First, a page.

Everything You Need to Know About White Tattoos on Dark Skin

Rihanna white ink hand tattoo

Byrdie / Gregg DeGuire / Getty Images

Tattoos offer an opportunity to lean into creative expression in new ways. From full sleeves to dainty tattoos to everything in between, the options are truly endless. However, finding the right design that fits your personality can take some time, and rightfully so. Because even though there is technology that can remove tattoos, the process is painful, and no one wants to end up with a permanent work of art they don't love. This same approach should be applied when selecting ink, especially for anyone with darker skin. We know that white ink tattoos are currently trending, but are they worth the investment for those with deeper skin tones?

To learn more about white tattoo ink and how it interacts with dark skin tones, we chatted with tattoo artist Miryam Lumpini. If you're curious about getting your next (or first) tattoo in a full white ink design, keep reading to learn more about the process from start to finish.

Meet the Expert

  • Miryam Lumpini is a tattoo artist and global creative director of BodyMark by BIC, a line of cosmetic-quality and skin-safe temporary tattoo markers.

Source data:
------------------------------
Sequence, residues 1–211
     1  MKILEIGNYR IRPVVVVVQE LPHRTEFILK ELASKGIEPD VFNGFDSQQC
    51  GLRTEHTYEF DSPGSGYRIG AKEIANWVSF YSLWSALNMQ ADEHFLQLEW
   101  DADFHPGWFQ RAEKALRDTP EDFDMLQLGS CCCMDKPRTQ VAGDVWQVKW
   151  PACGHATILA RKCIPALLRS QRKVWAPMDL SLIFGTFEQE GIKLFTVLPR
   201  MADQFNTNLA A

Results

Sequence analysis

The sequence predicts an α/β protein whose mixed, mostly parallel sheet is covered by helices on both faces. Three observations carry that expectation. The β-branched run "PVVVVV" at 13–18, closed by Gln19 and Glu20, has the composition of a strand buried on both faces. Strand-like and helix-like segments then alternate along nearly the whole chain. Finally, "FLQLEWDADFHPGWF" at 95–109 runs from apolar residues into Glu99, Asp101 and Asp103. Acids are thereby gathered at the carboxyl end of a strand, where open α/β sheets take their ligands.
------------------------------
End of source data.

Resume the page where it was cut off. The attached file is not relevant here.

What Are White Ink Tattoos?

If you're looking into getting a white ink tattoo, you're likely already familiar with what a white ink tattoo is. But you know we love to break things down step-by-step. Simply put, a white ink tattoo is a design in which a tattoo artist uses only white ink to complete the artwork. While the tattoo process doesn't differ from black to white ink, white ink operates differently when applied to the skin, especially deep skin tones. For example, unlike darker ink, white ink is translucent when applied to the skin, making it easy for the skin color to pass through the opaque ink. However, if you're looking for a design that is more subtle, white ink may still be an ideal option for you.

White Ink Tattoos on Dark Skin vs. Fair Skin

"The actual tattoo process isn't much different [when working with white ink]," Lumpini shares. "It's more in the tattoo healing process. Since there is a filter of skin that develops as it heals with the ink (fair or dark skin), the tattoo aftercare process is the most important piece to preserving ink, especially when using white ink." We'll dive deeper into that later. No matter the skin tone, white ink tends to have more of a 3D effect on the skin. However, as time goes on, the white ink will lose its luster. With that said, we recommend working with a tattoo artist who specializes in dark skin and who also has a solid understanding of how white ink will fare on your unique skin complexion.

How Do You Find the Right Artist?

"The most important step is to go to a reputable establishment that uses antiseptics and is happy to discuss with you how they keep their instruments and inks sterile," New York City,board-certified dermatologist Dr. Hadley King tells Byrdie.

Getting and Caring for a White Ink Tattoo